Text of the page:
How to Create High Performing Content

Businessman Writing the Word ContentJudgments about your website and content are formed in seconds or even nanoseconds. According to Google, you have three seconds or less to make a positive impression or your site visitor (especially a first-time visitor) will leave. One study says it’s as little as .5 seconds. Not very long, huh?

With that kind of fleeting time and the hit-or-miss nature of attracting and converting site visitors, you really have to create content that’s a grand slam hit that boosts traffic or your site will never make it in the Big Leagues. You must carefully select every word and constantly review how your content is performing and change what isn’t working.

To make that easier for you, here are the 11 insider secrets to creating high performing content.

  1. Have concrete objectives
    This may seem obvious, but so many businesses fail to demonstrate what they want to achieve through their content. You need a sound content strategy that adheres to your business.

    According to entrepreneur.com, “A mission statement…captures, in a few succinct sentences, the essence of your business’s goals and the philosophies underlying them. Equally important, the mission statement signals what your business is all about to your customers, employees, suppliers and the community…Your mission statement should reflect your business’s special niche.” To work and be relevant to your prospects, your content must stay true to your mission and your strategy.

  2. Target the right prospects
    You have to know for whom you are writing before you can attempt to influence, persuade, or entertain them. Plus, you must engage them by telling them how your product or service meets their specific needs.
  3. Attract strangers with smart heads, subs and titles
    When crafting page headlines, subheads and blog titles, think about what people are looking for. Plus, relate those to visitors with the use of “you” and “your.” The Next Web found that the heads and titles with broader appeal work better than narrowly focused or topical ones. They also found that mid length (6 to 13 words) usually performs better than ones that are shorter or longer.

  4. Go for the quick-skim
    You want your content to be easy to skim, making it enticing to read. Content that works best has images, bolded headlines and subheads, bullet points, answers to the reader’s question, and has links to other information. These are all important qualities, because they deliver easy readability without compromising value.

  5. Be relatable and genuine
    Whenever I am writing a blog (or website copy) I am not afraid to give readers glimpses into my personal life. Whether I am discussing a recent experience at a favorite restaurant or talking about my unique relationship with my family, it helps define my writing voice, makes my writing more relatable, and demonstrates my experiences as a real live consumer. Of course, I keep in mind about how revealing something too personal can affect my personal and professional brands (and those of my clients).

    Above all, I want to remind you to be genuine. Consumers can spot a phony from a mile away, and appearing fake can hinder trust now and in the future.

  6. Give the gift of information
    Educating consumers and offering them thought leadership provides tremendous value. You shouldn’t be afraid to take an authoritative stance in areas where you possess expertise. If you are truly knowledgeable about a particular field, and can prove it, then share your insights with others.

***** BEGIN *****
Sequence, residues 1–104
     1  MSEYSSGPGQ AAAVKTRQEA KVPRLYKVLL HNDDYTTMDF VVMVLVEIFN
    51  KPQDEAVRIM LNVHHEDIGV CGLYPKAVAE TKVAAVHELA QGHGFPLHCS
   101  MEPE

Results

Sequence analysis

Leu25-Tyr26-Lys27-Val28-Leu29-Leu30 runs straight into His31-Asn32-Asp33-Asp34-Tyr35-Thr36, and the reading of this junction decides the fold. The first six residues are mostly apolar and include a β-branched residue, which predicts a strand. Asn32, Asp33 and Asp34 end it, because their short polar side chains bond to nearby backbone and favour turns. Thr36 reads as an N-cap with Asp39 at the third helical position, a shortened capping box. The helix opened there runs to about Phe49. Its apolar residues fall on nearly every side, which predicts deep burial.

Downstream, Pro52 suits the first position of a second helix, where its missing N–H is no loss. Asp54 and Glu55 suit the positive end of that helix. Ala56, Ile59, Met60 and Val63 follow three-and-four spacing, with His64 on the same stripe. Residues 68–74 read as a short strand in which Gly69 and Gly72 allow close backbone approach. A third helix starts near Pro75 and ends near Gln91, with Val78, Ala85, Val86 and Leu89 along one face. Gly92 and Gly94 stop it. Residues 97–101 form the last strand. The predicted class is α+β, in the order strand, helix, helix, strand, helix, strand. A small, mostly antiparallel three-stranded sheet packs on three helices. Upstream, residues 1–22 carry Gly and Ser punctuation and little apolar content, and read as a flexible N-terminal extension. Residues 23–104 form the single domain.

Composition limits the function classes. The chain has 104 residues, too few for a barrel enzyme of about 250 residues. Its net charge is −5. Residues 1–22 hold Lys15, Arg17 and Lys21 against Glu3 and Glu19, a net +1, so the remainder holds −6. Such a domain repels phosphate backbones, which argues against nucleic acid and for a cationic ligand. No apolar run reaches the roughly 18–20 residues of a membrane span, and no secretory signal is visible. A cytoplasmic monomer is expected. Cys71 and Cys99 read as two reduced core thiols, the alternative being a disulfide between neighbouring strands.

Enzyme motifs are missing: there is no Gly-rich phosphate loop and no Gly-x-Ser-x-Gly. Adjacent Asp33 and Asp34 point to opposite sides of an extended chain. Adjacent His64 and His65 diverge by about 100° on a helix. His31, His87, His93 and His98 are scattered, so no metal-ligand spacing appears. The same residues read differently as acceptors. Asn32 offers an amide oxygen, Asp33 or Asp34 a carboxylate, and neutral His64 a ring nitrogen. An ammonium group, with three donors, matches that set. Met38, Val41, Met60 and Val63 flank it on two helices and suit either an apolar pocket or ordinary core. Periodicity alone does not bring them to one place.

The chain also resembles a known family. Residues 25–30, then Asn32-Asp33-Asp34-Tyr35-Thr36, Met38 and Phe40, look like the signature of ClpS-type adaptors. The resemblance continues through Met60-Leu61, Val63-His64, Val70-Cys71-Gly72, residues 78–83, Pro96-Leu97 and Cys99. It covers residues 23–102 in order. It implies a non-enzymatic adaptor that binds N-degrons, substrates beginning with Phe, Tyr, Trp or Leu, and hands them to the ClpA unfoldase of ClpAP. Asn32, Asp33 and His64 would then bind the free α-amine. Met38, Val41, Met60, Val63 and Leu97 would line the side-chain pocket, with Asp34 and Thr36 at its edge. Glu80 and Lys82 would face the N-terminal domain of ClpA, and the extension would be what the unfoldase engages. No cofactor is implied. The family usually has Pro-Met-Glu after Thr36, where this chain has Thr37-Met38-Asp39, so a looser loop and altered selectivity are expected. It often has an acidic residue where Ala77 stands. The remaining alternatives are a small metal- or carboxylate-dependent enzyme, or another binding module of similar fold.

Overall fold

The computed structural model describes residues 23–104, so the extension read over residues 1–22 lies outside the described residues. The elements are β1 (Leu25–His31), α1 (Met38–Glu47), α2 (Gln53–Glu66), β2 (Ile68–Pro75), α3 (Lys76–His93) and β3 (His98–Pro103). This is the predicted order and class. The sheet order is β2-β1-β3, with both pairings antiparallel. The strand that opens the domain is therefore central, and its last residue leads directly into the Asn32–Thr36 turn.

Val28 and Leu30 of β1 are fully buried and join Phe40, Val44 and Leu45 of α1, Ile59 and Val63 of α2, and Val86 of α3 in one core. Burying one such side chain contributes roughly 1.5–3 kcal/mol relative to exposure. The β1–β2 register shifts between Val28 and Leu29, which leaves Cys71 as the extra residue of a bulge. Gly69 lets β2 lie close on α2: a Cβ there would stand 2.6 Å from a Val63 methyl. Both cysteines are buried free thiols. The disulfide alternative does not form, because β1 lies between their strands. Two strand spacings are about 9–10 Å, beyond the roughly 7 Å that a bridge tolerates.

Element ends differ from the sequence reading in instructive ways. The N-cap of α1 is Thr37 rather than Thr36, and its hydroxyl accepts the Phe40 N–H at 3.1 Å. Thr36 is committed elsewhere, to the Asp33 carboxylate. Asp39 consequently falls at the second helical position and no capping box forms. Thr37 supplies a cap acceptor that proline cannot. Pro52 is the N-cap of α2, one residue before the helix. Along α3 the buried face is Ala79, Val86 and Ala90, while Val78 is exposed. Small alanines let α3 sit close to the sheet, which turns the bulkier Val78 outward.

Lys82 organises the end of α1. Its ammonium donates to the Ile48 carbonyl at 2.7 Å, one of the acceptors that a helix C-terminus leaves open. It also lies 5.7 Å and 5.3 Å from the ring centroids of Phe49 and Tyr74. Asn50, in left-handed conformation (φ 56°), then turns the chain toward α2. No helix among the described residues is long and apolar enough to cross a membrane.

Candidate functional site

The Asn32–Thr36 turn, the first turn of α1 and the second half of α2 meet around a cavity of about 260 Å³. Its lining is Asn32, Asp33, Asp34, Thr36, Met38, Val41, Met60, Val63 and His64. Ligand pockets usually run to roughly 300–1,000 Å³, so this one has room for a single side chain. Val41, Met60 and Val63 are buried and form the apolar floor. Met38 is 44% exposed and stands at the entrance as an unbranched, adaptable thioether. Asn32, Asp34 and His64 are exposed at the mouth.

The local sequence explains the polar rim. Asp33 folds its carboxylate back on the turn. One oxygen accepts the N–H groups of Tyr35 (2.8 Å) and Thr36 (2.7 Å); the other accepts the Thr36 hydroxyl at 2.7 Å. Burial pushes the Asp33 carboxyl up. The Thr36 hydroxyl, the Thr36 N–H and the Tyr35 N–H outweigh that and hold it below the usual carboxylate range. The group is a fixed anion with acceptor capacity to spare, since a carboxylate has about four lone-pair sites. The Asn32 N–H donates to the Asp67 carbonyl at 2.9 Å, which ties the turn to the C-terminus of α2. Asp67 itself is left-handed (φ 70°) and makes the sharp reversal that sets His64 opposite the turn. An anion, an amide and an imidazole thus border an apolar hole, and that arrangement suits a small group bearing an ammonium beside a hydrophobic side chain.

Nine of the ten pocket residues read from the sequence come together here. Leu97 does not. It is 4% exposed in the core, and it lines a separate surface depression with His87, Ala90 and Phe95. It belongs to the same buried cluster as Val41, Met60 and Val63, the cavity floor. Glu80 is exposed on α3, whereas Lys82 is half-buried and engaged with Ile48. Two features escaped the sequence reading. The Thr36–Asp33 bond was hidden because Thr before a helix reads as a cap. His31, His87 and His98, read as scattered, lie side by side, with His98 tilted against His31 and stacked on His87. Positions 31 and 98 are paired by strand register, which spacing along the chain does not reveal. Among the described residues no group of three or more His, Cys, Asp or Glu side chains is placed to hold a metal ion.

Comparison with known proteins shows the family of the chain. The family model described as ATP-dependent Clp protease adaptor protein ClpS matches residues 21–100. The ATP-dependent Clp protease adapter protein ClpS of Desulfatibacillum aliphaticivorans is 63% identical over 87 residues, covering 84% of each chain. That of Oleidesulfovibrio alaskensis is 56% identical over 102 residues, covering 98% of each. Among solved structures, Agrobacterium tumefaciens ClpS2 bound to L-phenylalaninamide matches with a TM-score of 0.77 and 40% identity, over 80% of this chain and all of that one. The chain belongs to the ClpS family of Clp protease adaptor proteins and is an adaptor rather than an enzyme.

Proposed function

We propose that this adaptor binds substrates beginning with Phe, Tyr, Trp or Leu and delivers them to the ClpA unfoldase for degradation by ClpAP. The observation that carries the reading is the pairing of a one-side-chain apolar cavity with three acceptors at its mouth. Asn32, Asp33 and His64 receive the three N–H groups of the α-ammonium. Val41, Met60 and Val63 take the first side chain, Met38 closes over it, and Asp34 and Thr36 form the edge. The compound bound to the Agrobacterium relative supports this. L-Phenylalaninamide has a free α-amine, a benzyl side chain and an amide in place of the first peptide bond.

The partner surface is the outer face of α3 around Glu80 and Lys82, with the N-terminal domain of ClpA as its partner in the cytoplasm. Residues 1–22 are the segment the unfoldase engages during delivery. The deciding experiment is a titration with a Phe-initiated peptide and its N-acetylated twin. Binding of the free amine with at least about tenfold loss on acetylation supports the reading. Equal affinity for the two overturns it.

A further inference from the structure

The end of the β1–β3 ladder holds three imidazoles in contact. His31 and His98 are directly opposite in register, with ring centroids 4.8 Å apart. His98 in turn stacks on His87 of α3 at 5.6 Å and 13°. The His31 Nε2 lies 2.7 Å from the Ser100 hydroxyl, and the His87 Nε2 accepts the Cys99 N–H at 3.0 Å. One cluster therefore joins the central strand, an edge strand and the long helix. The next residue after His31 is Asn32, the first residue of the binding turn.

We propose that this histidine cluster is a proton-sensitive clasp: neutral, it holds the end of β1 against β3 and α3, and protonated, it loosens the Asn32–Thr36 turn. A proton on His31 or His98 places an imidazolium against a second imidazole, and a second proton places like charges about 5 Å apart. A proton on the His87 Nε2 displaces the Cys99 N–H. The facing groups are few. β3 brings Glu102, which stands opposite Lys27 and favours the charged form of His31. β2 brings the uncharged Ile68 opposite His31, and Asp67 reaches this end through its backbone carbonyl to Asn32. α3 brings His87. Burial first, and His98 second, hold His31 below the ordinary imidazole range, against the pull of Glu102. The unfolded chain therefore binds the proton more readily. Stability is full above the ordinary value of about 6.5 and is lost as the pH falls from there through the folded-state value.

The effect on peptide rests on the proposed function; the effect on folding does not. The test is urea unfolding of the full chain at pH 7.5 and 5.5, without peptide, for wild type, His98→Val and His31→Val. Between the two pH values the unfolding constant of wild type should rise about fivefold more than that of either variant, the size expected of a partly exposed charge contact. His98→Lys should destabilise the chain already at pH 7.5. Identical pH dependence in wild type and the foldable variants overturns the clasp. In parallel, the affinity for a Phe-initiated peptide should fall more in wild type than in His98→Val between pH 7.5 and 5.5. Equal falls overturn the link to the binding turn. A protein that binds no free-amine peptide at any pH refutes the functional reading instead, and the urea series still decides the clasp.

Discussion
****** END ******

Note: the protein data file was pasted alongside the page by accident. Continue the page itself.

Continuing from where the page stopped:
7. Use straightforward analogies and examples
    Compare and contrast a complicated subject or concept to something well-known. How is it similar or different? This helps the reader better understand what’s in it for them.

  8. Feature a clear call-to-action
    You need a clear call-to-action that stands out, without any guesswork. You are creating content, not your own version of “Where’s Waldo?” It must be direct and succinct with actionable words. Check out our post on crafting the perfect call-to-action.
  9. Steer clear of “marketing speak”
    Website content needs to offer quality content that people want to read. It has to catch their eye and make them want to come back, without being full of a boatload of marketing-ese (that overly salesy, B.S. fluff).

  10. Proofread, proofread and proofread again
    Typos, spelling mistakes and poor grammar create a bad impression. Poorly written content is sloppy and makes you look like you’re not truly committed to your business or customers. Or worse, it makes you look careless. Be sure to proof and re-proof your content, and have someone else proof it, as well.
  11. Always track your performance
    Regardless of how much effort you put into content development, if your content isn’t being read or isn’t leading to other desired actions (like user engagement), then it has no value. Like most online processes, there are ample opportunities to benchmark the performance of your website content efforts, measure your progress over time, and use the resulting data to drive continual improvements.

    Use the data to inspire greater creativity. Let the insight from the metrics inspire you rather than drive the creativity. If you are not sure what to do next, remember to measure, test and repeat.

There is no question that emphasizing quality over quantity will yield higher performance over time. Furthermore, it is not a huge burden to implement these 11 steps to ensure that you are able to continually improve your content’s performance.

On the other hand, you’re busy running your business and serving your customers. How can you also be expected to create high-performing content day-in-and-day-out? Simply ask the content pros at Solamar for help.

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